One volunteer organisation begun celebrations to highlight their 20 years of community response as a volunteer first response organisation; however no congratulatory statement from the public or private sector highlighting this achievement has been forthcoming.
It is unfortunate that we must now consider our 100 day review as a very uneventful period within the emergency management fraternity. It is important to note that if there has been significant achievements made during this period, the media has not been made aware of it, and neither has the citizens of this country, who will immediately be screaming for help the moment a catastrophic event impacts their lives.
This column has been providing over the past three years, helpful hints and preparedness suggestions that will be of personal benefit to the residents prior to the arrival of each hurricane season. The print and electron media also presents their usual hurricane supplements and audio/visual productions containing preparedness and mitigation hints for the home owner.
While I am sure that this information presented is welcomed by all, it does not negate the fact that unless there is significant tangible technical infrastructural change in how Government conducts its emergency managerial administrative affairs, this hurricane season will once more be greeted by “fluffy” official presentations and overly worded managerial statements; the Barbadian community who will once more be depending and relying on the administration to provide immediate professionally coordinated disaster relief, will once be found wanting, and subject to another set of public criticism from all corners.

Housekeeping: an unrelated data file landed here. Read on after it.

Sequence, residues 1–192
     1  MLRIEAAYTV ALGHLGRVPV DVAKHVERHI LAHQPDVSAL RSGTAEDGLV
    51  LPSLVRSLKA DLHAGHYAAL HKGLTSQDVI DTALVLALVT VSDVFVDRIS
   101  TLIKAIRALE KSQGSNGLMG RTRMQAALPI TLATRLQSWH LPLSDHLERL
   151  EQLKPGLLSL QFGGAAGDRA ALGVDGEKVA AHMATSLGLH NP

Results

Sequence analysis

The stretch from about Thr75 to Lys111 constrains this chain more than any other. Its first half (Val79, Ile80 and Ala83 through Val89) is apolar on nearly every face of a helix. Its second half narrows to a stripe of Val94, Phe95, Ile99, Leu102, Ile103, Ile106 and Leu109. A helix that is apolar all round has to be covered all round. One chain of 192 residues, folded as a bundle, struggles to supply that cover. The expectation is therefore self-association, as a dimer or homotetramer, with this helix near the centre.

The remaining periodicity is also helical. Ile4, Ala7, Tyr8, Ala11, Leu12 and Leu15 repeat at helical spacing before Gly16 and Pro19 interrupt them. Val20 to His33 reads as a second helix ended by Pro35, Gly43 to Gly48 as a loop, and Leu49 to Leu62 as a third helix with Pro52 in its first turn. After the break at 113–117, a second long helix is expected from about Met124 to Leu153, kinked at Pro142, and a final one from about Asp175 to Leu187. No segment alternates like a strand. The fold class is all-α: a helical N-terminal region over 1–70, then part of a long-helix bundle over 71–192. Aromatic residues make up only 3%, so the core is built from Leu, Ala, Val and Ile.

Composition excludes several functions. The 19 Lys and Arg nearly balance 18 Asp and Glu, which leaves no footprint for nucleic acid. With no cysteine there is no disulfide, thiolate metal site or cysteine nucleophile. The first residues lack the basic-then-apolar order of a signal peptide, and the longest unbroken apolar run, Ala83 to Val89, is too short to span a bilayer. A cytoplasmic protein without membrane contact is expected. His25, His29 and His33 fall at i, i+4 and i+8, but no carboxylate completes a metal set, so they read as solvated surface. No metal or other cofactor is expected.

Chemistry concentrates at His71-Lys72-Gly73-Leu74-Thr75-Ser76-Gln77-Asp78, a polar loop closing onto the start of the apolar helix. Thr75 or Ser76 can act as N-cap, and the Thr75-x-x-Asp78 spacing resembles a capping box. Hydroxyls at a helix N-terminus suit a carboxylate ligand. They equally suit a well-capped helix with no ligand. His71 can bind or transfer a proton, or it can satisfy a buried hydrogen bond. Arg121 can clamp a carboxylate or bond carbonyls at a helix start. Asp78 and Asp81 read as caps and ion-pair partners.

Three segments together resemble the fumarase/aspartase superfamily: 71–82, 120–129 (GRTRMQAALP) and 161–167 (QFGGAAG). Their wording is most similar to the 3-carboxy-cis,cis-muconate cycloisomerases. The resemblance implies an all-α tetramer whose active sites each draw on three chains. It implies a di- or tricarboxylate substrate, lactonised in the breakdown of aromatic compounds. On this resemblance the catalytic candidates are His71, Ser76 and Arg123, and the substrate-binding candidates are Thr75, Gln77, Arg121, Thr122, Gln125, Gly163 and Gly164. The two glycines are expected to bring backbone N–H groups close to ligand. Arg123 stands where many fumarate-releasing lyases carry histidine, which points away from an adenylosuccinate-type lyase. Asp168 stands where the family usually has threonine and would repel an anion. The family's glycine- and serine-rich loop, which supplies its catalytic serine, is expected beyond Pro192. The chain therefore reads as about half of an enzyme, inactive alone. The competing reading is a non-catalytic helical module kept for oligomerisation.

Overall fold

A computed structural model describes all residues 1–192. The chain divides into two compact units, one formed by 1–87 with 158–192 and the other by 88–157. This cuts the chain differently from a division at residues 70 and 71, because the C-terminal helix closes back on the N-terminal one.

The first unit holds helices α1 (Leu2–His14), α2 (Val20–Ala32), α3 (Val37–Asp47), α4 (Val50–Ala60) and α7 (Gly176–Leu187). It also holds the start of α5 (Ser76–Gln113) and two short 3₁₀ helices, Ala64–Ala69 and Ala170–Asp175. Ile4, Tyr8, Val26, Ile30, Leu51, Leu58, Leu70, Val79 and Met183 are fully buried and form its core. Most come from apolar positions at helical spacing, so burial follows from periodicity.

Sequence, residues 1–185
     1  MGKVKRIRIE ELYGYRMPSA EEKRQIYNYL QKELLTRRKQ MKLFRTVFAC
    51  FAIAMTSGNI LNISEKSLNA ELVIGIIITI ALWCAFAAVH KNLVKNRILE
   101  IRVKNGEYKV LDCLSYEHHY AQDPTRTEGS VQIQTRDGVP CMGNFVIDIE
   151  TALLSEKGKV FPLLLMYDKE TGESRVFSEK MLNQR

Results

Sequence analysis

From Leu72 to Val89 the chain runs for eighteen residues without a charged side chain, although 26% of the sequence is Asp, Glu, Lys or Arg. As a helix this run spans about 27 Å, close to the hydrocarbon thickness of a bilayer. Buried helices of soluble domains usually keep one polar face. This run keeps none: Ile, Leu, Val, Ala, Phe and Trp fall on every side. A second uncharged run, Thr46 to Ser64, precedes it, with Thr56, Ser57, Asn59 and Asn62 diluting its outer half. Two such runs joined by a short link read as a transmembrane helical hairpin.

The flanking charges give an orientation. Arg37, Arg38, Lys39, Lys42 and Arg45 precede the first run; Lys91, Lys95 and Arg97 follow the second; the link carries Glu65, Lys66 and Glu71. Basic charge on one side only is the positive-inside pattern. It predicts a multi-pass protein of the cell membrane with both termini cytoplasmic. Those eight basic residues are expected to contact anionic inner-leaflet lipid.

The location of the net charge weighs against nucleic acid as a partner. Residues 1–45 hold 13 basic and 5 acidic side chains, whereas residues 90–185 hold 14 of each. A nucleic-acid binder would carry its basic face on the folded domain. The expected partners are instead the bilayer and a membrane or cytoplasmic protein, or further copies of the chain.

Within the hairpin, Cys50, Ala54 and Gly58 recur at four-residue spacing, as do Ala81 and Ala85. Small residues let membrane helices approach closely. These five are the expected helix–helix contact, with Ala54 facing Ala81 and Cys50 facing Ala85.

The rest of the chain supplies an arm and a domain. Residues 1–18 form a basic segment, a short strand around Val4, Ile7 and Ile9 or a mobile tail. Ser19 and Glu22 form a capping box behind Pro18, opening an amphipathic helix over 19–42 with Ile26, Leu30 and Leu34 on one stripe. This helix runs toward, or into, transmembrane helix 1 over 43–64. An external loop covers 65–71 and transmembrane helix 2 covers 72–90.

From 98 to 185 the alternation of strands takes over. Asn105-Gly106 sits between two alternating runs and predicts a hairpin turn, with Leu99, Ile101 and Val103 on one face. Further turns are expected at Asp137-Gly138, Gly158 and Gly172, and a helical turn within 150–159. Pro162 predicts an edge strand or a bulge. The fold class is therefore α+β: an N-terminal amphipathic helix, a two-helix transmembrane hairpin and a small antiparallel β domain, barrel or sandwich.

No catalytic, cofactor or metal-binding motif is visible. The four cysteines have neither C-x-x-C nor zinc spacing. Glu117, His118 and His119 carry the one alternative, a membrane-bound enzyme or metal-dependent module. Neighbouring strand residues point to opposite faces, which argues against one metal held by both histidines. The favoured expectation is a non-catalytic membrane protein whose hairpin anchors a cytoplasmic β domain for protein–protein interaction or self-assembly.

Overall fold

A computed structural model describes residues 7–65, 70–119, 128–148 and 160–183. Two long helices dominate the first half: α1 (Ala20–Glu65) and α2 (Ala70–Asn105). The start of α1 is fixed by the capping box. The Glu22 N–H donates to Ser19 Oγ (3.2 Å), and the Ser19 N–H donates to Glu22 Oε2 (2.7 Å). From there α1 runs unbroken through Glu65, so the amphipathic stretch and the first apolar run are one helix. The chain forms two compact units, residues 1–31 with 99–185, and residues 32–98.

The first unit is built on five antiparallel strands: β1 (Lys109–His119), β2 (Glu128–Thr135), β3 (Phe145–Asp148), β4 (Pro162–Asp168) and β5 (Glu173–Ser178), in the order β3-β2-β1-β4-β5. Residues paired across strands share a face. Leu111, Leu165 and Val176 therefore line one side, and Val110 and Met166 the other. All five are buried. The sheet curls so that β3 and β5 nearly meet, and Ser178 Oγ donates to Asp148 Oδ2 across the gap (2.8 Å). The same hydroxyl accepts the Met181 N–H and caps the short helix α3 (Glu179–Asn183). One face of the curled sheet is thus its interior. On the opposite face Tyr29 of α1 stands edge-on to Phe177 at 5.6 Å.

Tangible improvement in the emergency management administrative structure has long been called for by the majority of practitioners in this field. While this call, in the opinion of some, may have been a deservedly call, it is irrelevant, because tangible administrative change without technical improvements in the systems of response and preparedness planning will only serve to add another layer of confusion to an already confused system.
There is a need for a comprehensive improvement in our public warning and alert systems, regardless of the hazard type. There is a need for a thorough examination of the technical response skills of some of responders, and the implementation of comprehensive selective training that will correct some of the deficiencies seen in some responders.
There is a need for greater communication between Government’s urban and city planners, residential communities and the industrial sector, due to the ever increasing encroachment by industrial private sector operations into the residential areas.
The recent St. Thomas fire is a perfect example of what happens when both parties fail to explain their needs. The 2013 hurricane season will wait for no man, no government, no community, and it certainly will not wait another 100 days for systems to improve or present change, that will foster confidence in you, the recipients.